Just near the entrance is a Betty Branch sculpture.


Gaia, 1987 Betty Branch  BA ‘79  MALS ‘87

Carrara Marble

Collection of the Eleanor D. Wilson Musuem at Hollins University, 2010.006

Gift of the Artist

Gaia was the great mother of all: the primal Greek Mother Goddess; creator and giver of birth to the Earth and all the Universe; the heavenly gods, the Titans, and the Giants were born to her.



Upstairs on the “1st floor” is the gallery.  When using the elevator the entrance is on level E. 


We arrived to find the door locked with a note telling us where to go for assistance.  But some students with their family came along with one of the gallery curators who opened the door for us and gave a mini-tour. 


Sarah and I were lucky enough to catch the exhibit’s final days!

Contemporary Photographers, Traditional Practices: Vision and Method in the 21st Century

  “The Eleanor D. Wilson Museum at Hollins University enters its second decade this year with a fall exhibition celebrating photography. In collaboration with the Schmidt-Dean Gallery in Philadelphia, the museum presents an eclectic exhibition of thirteen contemporary photographers represented by the gallery, all of whom enjoy regional and national reputations. Curated by Schmidt-Dean Gallery director Christopher Schmidt, the exhibition features a wide range of both technical and conceptual approaches. Included are historical procedures such as the tintype, cyanotype and gum-bichromate process; alternative techniques such as pinhole and hand painting; and more traditional methods in both analog and digital. Throughout, these various approaches are applied to a wide range of subjects and ideas.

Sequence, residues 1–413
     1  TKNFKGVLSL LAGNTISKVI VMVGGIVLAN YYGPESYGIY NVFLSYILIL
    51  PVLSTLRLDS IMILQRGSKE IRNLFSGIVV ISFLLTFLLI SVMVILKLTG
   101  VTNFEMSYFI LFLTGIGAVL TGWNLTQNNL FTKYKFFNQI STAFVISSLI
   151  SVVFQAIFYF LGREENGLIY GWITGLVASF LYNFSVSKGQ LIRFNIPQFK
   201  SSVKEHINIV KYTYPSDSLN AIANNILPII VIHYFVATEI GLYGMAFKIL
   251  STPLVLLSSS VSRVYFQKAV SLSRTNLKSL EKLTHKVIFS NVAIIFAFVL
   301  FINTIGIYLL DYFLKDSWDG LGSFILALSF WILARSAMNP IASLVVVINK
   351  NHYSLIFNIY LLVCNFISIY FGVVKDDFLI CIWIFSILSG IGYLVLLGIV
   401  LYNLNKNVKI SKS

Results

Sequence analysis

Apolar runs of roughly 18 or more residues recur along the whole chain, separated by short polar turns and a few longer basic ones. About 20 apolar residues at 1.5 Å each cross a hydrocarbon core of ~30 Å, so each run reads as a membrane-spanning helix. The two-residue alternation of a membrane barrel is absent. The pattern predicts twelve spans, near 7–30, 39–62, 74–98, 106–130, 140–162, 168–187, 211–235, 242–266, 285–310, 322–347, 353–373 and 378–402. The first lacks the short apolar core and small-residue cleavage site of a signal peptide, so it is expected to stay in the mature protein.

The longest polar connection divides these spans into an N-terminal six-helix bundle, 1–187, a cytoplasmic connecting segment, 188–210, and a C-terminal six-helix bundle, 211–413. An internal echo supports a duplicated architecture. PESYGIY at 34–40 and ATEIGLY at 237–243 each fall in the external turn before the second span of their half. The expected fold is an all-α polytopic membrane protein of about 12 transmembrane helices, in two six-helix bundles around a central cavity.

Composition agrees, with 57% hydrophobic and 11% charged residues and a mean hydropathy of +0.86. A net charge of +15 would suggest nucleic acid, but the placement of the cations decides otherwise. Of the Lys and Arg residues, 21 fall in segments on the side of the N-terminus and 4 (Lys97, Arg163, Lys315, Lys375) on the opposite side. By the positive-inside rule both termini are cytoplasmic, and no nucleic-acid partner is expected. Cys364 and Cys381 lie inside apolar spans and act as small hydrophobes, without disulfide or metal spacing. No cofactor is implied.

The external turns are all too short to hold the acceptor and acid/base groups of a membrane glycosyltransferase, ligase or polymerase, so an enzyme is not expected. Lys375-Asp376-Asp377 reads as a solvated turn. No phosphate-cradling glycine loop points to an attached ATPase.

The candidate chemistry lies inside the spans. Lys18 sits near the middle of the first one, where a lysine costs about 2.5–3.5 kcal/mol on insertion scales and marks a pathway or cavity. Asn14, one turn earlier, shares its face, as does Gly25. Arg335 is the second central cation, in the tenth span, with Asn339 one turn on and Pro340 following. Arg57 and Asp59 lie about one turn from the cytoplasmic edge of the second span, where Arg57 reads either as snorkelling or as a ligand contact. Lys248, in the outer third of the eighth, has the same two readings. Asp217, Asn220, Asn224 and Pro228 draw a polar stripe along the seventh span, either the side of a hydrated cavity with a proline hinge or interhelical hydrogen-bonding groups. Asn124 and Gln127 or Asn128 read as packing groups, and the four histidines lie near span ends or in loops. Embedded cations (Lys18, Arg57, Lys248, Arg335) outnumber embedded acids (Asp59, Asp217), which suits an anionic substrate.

Exhibiting artists include Linda Adlestein, Thomas Brummett, Susan Fenton, Larry Fink, Alida Fish, Sarah Van Keuren, Stuart Klipper, Christopher Moore, William Smith, Krista Steinke, Ruth Thorne Thomsen, Ida Weygandt, and Samuel Worthington.”  http://www.hollins.edu/museum/exhibits/current/

From the Schmidt-Dean Gallery 

The Worthington photos grabbed my attention.


Samuel Worthington, IV  Untitled works  Mordancage : Courtesy of the artist and Schmidt-Dean Gallery

“Samuel Worthington, IV uses a chemical process known as Mordancage to produce images with intricately detailed surface features.  Based on a late 19th– century process known as etch-bleach, Mordancage alters silver gelatin prints allowing dark areas of emulsion to be lifted away from the paper to create a degraded effect.  The tonal quality of the images may also be affected by the oxidation of this process, further enhancing the perceived “ages” of the photograph.” Information posted near the photographs.  I would love to watch this being done.  Below I played with one of the photos….